NAIROBI (AlertNet) – As East African leaders meet in Uganda to discuss the escalating violence in eastern Democratic Republic of Congo, Oxfam has warned that hundreds of people have been killed and hundreds of thousands displaced.
Oxfam’s local partners said violence, displacement and child recruitment have increased dramatically in Congo’s mineral-rich North and South Kivu provinces, long a tinderbox of regional ethnic and political tensions, since the formation of the M23 rebel group in April.
“Vast swathes of the east have descended into chaos with no government or security presence. People have been abandoned to killing, rape, looting and extortion,” Oxfam’s associate country director Elodie Martel said in a statement.
“They are fleeing for their lives and very little is being done to help.”
More than 470,000 people have fled their homes in the past four months, with 420,000 displaced internally and 51,000 crossing into Uganda and Rwanda as refugees, according to the United Nations refugee agency (UNHCR).
For the first time since the end of 2009, the number of displaced within Congo is now more than 2 million, Oxfam said.
Aid agencies cannot access many of the displaced because of the ongoing insecurity.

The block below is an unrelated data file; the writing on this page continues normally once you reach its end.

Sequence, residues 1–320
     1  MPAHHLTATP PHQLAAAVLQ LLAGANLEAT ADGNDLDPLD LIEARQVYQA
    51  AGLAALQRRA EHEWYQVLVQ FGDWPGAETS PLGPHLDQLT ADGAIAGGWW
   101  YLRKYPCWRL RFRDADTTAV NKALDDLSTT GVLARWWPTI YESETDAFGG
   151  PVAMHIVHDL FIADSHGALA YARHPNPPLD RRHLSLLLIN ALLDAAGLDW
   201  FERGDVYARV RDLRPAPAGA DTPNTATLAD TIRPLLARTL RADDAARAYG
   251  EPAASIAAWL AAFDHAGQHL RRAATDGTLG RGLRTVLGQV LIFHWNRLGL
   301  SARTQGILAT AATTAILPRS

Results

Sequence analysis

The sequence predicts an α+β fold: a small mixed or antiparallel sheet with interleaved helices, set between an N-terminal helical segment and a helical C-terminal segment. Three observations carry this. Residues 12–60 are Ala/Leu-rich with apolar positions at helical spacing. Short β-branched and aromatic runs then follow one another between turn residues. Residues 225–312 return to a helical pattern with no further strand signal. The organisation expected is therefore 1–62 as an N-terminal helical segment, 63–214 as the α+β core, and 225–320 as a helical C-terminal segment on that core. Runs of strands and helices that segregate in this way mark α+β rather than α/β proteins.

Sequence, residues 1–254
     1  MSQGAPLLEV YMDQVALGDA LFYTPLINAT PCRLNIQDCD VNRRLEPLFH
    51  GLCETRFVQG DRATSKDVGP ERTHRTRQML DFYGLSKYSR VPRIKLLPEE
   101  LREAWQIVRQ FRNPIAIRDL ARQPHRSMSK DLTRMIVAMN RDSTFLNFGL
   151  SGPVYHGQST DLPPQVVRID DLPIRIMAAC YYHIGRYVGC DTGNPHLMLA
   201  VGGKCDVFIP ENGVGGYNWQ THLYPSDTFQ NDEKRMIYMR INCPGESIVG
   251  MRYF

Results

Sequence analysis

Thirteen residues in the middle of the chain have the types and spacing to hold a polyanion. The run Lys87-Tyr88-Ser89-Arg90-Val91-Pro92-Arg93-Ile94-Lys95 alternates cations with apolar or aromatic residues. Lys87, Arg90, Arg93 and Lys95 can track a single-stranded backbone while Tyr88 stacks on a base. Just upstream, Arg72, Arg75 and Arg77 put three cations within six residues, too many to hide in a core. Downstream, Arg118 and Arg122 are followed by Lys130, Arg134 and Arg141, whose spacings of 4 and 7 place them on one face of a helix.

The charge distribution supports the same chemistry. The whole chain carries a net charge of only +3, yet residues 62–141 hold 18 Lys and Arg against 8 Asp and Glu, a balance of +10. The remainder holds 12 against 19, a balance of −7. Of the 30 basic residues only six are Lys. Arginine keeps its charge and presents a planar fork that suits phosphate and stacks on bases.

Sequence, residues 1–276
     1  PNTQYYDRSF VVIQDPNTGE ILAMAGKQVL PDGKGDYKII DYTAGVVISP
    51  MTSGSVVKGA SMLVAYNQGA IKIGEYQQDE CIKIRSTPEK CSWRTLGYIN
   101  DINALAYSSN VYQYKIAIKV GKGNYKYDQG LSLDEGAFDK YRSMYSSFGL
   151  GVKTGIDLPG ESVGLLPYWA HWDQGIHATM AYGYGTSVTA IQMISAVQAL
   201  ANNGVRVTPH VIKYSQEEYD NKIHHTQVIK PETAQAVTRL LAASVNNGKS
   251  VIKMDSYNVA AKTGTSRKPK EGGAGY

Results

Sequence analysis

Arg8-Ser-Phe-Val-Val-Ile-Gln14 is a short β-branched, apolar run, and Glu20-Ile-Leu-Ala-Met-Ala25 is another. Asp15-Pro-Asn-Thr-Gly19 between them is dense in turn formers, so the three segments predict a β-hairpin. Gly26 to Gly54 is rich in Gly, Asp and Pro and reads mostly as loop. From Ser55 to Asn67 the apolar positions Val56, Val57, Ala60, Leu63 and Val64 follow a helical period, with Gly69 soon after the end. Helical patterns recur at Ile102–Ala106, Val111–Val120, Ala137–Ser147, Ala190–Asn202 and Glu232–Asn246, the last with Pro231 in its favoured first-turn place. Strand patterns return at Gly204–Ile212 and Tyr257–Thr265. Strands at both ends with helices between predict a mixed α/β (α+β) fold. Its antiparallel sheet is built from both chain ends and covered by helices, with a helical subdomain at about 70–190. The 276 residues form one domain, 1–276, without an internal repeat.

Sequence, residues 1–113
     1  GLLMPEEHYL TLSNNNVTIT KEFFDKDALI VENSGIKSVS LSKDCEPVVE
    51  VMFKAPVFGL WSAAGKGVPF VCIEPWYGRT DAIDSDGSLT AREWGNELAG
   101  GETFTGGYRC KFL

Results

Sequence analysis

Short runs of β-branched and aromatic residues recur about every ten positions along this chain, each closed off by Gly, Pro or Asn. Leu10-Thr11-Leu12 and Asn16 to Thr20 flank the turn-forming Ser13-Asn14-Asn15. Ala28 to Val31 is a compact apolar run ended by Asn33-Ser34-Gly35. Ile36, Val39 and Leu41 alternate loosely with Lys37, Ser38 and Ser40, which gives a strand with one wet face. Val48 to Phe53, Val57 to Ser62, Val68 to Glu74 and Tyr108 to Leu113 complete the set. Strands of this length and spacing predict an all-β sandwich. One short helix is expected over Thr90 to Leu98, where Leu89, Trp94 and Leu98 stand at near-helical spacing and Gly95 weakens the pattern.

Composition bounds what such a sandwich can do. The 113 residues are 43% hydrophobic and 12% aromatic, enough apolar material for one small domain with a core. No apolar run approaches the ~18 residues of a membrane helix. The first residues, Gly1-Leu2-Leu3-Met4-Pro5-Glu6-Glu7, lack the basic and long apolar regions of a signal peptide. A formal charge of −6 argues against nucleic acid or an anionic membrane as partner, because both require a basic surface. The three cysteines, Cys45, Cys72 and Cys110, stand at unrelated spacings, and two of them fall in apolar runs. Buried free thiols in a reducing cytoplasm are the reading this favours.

Regional leaders of 11 African countries are holding an International Conference of the Great Lakes Region from Aug. 7 to 8. The meeting is expected to decide to set up an international peacekeeping force to restore stability to the region.
The United Nations already has more than 17,000 troops in Congo as part of its peacekeeping mission. But the force is stretched thin across a nation the size of Western Europe and already struggles to fulfil its mandate of protecting civilians.
U.N. helicopter gunships frequently back up outgunned government forces but even that firepower failed to prevent rebels from taking several towns in July.
No details have been given on the new peacekeeping plan but, in theory, the force would target all rebels, including the anti-Kinshasa M23 and Hutu-dominated Democratic Forces for the Liberation of Rwanda (FDLR) Kigali says are a threat. Read more…